The Instigator
akaQ
Pro (for)
Tied
0 Points
The Contender
Raymond_Reddington
Con (against)
Tied
0 Points

Democracy is no longer the best form of government.

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Voting Style: Open Point System: 7 Point
Started: 4/23/2014 Category: Politics
Updated: 2 years ago Status: Post Voting Period
Viewed: 980 times Debate No: 53192
Debate Rounds (3)
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akaQ

Pro

Welcome to whomever accepts my argument.

I am arguing against democracy (Pro), and my competitor will argue for democracy (Con). In the first round, we will offer our initial opening opinions; second round we will offer rebuttals; third round we will address the rebuttals and wrap up our arguments.

In my writing class, we have an assignment to choose a stance on a topic of our choosing, and give claims and warrants to support our ideals. The topic I have chosen is the fault of democracy in today's society. From this debate, I intend on getting some practice, while also hearing out the other side of the argument.

I probably won't have the time to search for sources, as I am currently sitting in study hall, so it would be much appreciated if we use our prior knowledge and intuition to support our points! Also, this is my first debate, so welcome me to the website!

I will now offer my claim.

No one can deny the integrity of the Greek, Roman, and early United States governments (to give a few examples). Any form of democracy is fair and true, as it is of course the people making decisions for themselves, instead of someone higher up telling them what is right and wrong. And I would first like to say that I do not believe that democracy is bad at all. But I do believe that there is a better option!

Over the years, the word "dictator" has turned into something that puts a sour taste in the mouths of free peoples. Hitler, Franco, Mussolini, all have put a skewed definition on the word, and for the sake of my argument I would like Con to consider the true definition of "dictator": A person exercising absolute power, especially a ruler who has absolute, unrestricted control in a government without hereditary succession.

As you can see, nowhere in this definition does it say anything of a malicious attitude towards the people under a dictator's control, and because of this it should be understood that there CAN be such a thing as a GOOD dictator. In fact, we have a word for this: benevolent dictatorship.

In a benevolent dictatorship, a single person exercises complete sovereignty over a state, but he does so for the greater good of the people. All of his decisions are for the betterment of his country, rather than oppressing it as fascist leaders have done. If indeed there is a person capable of leading his state with complete authority while making decisions solely to benefit his people, a benevolent dictatorship would be more effective than a traditional democracy.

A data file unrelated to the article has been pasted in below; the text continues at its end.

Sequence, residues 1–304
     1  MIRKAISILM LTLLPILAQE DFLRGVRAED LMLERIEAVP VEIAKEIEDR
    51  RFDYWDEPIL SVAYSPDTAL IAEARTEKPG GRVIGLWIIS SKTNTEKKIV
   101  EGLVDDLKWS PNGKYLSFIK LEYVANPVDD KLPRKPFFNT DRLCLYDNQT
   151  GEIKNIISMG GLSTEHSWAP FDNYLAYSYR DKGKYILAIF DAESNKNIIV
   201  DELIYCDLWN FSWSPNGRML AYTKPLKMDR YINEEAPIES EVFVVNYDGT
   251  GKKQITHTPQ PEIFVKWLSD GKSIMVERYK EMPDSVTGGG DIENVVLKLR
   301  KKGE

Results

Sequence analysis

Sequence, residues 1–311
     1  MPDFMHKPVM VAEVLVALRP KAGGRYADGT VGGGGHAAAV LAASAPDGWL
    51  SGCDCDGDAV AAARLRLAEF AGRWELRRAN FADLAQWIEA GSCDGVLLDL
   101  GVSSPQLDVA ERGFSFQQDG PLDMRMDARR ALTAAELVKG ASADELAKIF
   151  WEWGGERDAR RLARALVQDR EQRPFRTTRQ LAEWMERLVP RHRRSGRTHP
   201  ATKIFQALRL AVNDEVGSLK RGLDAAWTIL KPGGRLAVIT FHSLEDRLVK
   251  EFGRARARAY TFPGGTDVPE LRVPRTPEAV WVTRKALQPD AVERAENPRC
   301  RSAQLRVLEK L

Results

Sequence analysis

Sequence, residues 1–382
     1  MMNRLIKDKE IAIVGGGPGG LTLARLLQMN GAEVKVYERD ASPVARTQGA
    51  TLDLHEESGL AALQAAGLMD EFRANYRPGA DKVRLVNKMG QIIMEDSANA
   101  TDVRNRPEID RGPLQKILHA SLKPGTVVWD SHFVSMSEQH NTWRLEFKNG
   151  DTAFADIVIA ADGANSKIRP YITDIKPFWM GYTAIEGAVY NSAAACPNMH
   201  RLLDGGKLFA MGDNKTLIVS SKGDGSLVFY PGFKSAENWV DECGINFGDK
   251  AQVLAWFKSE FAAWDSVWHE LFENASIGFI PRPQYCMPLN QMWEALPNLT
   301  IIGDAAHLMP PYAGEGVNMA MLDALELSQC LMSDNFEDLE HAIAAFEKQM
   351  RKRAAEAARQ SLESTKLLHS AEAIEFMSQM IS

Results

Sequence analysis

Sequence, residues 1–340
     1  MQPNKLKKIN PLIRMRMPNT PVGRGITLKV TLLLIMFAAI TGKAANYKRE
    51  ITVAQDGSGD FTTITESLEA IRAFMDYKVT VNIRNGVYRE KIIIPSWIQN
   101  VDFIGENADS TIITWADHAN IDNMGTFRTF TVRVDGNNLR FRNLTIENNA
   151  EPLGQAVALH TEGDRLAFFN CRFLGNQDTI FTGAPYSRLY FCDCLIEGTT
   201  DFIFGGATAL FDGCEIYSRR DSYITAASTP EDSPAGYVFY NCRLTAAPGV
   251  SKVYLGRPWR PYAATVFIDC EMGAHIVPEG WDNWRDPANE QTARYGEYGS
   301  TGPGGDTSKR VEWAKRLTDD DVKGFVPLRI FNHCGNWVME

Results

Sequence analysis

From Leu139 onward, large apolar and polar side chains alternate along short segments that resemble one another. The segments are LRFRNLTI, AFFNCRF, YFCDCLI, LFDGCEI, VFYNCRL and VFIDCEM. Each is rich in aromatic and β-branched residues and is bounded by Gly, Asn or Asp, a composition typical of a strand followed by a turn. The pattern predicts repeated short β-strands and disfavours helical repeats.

There are a few key advantages to this form of government. Most prominent is that the decisions of an intelligent, measured, mature man with leadership capabilities and the desire to help his people would be better than the decisions of the people in a democracy. As of late, it seems that decisions are hard to come by in a democracy. Nations are always split on topics, and often it's not even because of what people believe, but of what people think they should believe. The number of voters who are completely ignorant of political topics is frightening. For example, if a person KNOWS that a democrat will vote in favor of legalizing gay marriage, and that's all he knows of the issues, then he will vote for this candidate (assuming he is pro-gay marriage). Even if he is against socialism and deficit spending, he doesn't know that the person he is voting for is in favor of them. The biggest flaw of democracy is that people do not know how to vote for themselves.

Another flaw is something I briefly mentioned above: The indecision and time it takes to cast a vote is damaging. I will use the United States as an example. Inside the democracy of the U.S. there is a chasm between two different voting parties. Both sides tend to take completely polar stances on topics with very few sitting in between. To make it even worse, neither the democratic or republican party have an upper hand. Split almost 50/50, America is showing a recent trend of not being able to get things done in legislation.